A little girl named Goldilocks went for a walk. She came across three plates of food. The first looked like this:
It didn’t look easy. It didn’t look nice. It made her feel bored and didn’t entice.
You see, Goldilocks is so interested in the world around her that it takes a good-looking meal to draw her to the table and hold her attention.
She moved to the second plate of food:
It looked too soft. It looked too chewy. It looked like hard work and the smell made her gooey.
Goldilocks is still developing her tastebuds and jaw muscles. Sometimes she is not in the mood for something that is hard to chew.
She moved to the third plate of food:
“I can chew that. The smell doesn’t linger. The vegetables I can pick up and dip with my fingers.”
She began to eat. As if by magic, three bears appeared at the house and sat down beside her to eat. The talked about their walk and asked her about her day. Goldilocks chatted away. Then she stopped. She looked at her rice and then looked at them with confusion. Daddy Bear served himself some rice and used a spoon to move it to his mouth. Goldilocks studied him carefully and then tried it herself. You see, role modelling is one of the most important things a parent can do for their child around food. In the same way a child will copy you with how to kick a football, they will use you as a role model on how to eat.
When dinner was over, Goldilocks skipped away, thinking how clever she was to have chosen what she ate for dinner.
But back at the house, peeping through the curtain, Mummy Bear smiled to herself. You see, she had been the one who chose what to put on the plates. She had been the one who was really in charge of what Goldilocks ate. And that makes for a happy ending.
Incredibly I’ve met Goldilocks. More than once she has come into my rooms with her exasperated parents. Food has that effect.
If you know Goldilocks too, perhaps try one of these:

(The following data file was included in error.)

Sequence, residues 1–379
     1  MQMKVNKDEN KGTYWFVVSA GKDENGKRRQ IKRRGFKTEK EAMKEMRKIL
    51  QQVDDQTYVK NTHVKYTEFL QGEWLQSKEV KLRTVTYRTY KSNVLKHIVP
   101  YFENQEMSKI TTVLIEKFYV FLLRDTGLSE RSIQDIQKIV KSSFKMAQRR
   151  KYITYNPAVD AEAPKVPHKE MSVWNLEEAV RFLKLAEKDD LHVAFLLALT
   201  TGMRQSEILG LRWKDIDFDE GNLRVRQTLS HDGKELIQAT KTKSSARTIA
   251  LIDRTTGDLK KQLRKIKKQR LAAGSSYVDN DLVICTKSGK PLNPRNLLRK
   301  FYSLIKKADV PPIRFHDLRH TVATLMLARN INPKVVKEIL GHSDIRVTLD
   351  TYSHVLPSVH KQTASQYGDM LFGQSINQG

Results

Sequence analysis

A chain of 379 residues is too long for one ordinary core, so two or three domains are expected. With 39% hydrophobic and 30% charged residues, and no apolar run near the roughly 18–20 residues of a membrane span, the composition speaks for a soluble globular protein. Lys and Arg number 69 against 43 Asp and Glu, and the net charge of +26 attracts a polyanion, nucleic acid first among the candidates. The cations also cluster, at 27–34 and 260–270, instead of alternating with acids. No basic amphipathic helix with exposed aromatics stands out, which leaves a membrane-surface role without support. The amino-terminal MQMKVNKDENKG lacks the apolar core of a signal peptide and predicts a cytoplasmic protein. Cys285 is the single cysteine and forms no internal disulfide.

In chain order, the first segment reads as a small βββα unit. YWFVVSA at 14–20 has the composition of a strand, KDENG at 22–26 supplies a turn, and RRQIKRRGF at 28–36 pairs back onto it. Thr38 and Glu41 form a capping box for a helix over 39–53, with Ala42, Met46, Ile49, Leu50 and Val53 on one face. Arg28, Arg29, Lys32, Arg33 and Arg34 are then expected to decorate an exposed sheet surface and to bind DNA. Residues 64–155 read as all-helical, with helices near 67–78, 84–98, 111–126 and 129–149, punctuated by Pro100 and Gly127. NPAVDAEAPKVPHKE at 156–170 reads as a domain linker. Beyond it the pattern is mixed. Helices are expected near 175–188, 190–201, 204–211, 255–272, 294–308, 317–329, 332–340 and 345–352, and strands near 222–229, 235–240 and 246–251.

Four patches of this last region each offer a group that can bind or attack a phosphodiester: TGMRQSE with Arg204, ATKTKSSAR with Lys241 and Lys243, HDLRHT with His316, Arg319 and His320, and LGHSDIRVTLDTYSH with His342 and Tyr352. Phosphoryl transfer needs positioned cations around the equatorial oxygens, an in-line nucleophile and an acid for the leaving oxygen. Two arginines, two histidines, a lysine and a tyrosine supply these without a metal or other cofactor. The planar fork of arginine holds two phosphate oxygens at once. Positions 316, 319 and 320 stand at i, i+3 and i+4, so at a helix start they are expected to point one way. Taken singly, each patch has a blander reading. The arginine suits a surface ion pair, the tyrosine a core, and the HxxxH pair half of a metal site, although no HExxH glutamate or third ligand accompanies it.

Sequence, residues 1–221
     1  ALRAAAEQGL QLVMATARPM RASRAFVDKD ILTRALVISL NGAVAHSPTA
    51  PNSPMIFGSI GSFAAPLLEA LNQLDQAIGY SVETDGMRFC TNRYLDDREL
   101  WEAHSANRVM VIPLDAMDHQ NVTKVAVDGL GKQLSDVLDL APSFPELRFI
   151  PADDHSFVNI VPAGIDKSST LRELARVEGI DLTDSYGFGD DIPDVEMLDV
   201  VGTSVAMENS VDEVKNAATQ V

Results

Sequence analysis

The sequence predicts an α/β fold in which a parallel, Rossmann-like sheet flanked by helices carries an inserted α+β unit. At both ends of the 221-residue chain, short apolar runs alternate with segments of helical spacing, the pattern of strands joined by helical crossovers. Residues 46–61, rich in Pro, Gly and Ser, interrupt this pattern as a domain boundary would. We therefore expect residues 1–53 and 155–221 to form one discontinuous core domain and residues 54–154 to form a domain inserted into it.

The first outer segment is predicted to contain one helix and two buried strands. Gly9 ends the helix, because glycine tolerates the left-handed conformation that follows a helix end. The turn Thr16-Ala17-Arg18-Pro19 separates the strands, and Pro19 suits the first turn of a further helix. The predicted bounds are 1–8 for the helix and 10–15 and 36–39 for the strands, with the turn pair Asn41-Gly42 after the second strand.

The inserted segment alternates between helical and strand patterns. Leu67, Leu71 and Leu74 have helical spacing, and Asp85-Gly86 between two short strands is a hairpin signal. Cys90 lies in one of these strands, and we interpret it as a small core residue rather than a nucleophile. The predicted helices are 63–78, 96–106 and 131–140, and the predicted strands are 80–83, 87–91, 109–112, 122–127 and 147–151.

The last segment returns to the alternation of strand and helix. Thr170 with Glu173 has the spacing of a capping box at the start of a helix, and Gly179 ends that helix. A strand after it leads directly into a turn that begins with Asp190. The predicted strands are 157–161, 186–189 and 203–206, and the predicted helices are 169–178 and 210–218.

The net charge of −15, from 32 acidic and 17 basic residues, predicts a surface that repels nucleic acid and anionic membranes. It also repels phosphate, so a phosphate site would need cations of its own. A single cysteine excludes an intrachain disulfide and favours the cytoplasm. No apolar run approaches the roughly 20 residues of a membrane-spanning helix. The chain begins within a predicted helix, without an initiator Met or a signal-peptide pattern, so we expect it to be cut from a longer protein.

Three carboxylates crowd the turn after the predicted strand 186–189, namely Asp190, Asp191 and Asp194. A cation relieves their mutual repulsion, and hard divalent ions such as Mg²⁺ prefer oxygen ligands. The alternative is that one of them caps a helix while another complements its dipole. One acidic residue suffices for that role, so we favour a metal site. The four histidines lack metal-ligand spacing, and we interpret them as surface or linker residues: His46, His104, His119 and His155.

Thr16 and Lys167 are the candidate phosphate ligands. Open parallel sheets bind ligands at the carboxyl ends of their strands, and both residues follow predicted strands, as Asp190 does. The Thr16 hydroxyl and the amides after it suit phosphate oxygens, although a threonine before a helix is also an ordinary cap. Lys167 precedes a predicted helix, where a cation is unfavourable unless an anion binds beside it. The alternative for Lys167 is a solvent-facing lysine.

- A self-serve dinner. Include things your child likes so you feel assured they’ll eat too. Putting your child in charge of serving themselves something new is a great way for it to happen.
- Role model eating a variety of foods at a family meal whenever you can.
- Help a really stuck child feel safe with change by making gradual changes with either taste or texture, not both. For example, long spaghetti pasta instead of penne.
- Offer new foods at a time your child is most hungry.
- Balance “sneaking” in vegetables, such as grating them into a sauce, with overt exposure. It’s normal to eat vegetables at dinner and nothing wrong with a child learning that.
- Offer young kids easy to pick up and easy to chew foods such as minced meat, cubed vegetables, sliced fruit, small pieces of pasta.
“How much fussy is too fussy? The latest research says that most parents of a toddler believe their child is fussy around food. So when does fussy eating become a problem? There are a couple of big clues to look for. The first being that a normal “fussy” behaviour is a child who will love one food one day and hate it the next, but a few weeks or months later, the same food will be back in the diet. Their range of different foods is increasing over time.
On the other hand, a child whose “fussiness” is becoming a problem is eating less and less variety. As a food is dropped from their diet, it is not replaced by another new food, and it does not reappear later. They may also miss entire food groups such as meat or vegetables.
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